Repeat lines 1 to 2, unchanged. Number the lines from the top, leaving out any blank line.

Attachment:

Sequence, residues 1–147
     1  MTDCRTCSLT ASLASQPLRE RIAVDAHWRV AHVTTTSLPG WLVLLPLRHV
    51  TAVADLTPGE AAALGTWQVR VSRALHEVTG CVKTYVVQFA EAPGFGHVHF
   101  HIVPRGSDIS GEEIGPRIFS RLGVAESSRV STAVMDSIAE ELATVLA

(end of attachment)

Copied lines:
Sequence, residues 1–147
     1  MTDCRTCSLT ASLASQPLRE RIAVDAHWRV AHVTTTSLPG WLVLLPLRHV